“From the air I saw the bridge that has been ripped apart,” Biden said, “but here on the ground I see a community that’s pulled together.”

It is unclear how the costs of cleanup and building a new bridge will be covered.

The Federal Highway Administration has provided $60 million in “quick release” emergency relief funds to get started. Exactly how much the collapse will cost is unclear, though some experts estimate recovery will take at least $400 million and 18 months.

Biden said within hours of the collapse that “the federal government will pay for the entire cost of reconstructing that bridge, and I expect the Congress to support my effort.”


Senate Republican Leader Mitch McConnell of Kentucky likened the bridge collapse to assistance that flows after natural disasters and saying ”the federal government will step up and do the lion’s share” of funding. But authorization is likely no slam-dunk in Congress.

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The White House announced Friday it is asking Congress to authorize the federal government to cover 100% of the collapsed bridge cleanup and reconstruction costs, rather than seeking funding through a separate, emergency supplemental funding request.

In a letter to congressional leaders, Office of Management and Budget Director Shalanda Young noted similar funding approaches were used for recovery and rebuilding efforts that received bipartisan congressional support in 2007, when a highway bridge in downtown Minneapolis collapsed during the evening rush hour, killing 13 people.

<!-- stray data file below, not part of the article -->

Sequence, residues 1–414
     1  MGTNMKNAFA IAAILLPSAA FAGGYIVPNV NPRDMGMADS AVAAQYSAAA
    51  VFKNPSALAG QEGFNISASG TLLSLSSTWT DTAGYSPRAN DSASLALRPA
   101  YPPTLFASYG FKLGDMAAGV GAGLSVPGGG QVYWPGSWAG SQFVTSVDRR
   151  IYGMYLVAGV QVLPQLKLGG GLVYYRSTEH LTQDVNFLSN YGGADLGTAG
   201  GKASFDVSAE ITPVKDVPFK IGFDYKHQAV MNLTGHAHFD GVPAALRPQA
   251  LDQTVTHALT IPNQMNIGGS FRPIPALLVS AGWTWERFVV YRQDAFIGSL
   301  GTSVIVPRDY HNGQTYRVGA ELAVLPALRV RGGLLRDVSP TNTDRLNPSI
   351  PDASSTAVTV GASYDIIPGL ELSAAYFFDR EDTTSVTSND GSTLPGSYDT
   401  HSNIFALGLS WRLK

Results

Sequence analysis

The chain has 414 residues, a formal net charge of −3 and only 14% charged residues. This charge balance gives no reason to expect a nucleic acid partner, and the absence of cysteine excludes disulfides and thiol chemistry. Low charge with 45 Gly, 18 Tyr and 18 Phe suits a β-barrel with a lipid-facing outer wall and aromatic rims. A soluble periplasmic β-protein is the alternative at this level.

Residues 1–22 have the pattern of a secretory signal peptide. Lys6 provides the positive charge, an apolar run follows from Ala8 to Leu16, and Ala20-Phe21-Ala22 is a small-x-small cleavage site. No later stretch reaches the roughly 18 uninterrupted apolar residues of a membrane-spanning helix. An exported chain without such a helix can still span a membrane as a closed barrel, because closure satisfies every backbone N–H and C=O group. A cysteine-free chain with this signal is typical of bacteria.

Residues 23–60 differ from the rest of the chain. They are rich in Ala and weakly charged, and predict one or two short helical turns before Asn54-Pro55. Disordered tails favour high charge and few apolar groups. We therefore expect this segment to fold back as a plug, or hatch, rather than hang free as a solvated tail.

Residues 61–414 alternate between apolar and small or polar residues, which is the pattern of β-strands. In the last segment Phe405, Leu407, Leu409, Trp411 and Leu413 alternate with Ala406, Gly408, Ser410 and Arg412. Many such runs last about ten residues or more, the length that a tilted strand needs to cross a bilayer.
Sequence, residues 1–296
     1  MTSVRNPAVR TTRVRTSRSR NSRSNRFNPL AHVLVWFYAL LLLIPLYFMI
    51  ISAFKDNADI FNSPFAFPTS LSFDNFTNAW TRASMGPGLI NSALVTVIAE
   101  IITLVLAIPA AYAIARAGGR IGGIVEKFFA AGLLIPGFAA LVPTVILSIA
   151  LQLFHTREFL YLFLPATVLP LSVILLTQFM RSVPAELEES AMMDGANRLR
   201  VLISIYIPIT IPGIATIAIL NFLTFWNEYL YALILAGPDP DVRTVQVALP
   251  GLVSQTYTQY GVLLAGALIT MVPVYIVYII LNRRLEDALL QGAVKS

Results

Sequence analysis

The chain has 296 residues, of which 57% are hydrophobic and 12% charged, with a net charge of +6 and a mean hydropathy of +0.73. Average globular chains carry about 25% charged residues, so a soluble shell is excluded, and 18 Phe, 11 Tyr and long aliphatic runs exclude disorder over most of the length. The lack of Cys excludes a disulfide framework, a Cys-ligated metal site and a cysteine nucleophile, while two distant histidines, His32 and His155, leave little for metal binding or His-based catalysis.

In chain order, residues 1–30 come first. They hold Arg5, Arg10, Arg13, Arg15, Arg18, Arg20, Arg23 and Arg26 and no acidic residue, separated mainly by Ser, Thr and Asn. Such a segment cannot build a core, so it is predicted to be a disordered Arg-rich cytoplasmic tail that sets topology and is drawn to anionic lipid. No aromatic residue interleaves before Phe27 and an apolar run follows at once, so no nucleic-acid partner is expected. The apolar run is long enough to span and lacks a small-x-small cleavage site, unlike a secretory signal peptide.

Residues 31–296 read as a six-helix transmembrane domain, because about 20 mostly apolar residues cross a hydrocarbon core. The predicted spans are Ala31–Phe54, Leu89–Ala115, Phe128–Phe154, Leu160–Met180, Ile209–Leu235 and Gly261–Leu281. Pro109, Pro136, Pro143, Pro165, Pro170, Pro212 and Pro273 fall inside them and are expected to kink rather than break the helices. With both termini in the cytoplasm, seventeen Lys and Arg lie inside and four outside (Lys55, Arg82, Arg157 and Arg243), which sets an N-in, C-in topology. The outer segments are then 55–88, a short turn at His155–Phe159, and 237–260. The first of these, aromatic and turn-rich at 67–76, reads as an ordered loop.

But some hard-line congressional Republicans are already lining up to demand politically controversial offsets for the funding. The conservative House Freedom Caucus issued a statement Friday saying, “If it proves necessary to appropriate taxpayer money to get one of America’s busiest ports back online, Congress should ensure it is fully offset and that burdensome regulations” are waived. It was referring to potential federal spending cuts elsewhere and to regulations like the Endangered Species Act.

The caucus’ letter also suggested that approval for bridge recovery funds be tied to the Biden administration agreeing to lift a pause it has imposed on exportation of liquified natural gas.

The funding questions only serve to heighten the collapse’s political implications as Biden squares off with former President Trump in the November election.


The Biden administration has been championing anew a $1-trillion-plus public works package that cleared Congress in 2021. The president has traveled the country showcasing construction projects on highways, bridges and tunnels.

Promoting the package also has allowed the president to lean into his love of train travel and many years commuting to and from Washington on Amtrak as a Delaware senator.

Biden noted he’d been over the Key bridge “about a thousand times” commuting from Washington to his home in Delaware, prompting the state Department of Transportation chief to quip, “Thank you for the tolls, sir.”

Weissert writes for the Associated Press. AP writer Lea Skene in Baltimore contributed to this report.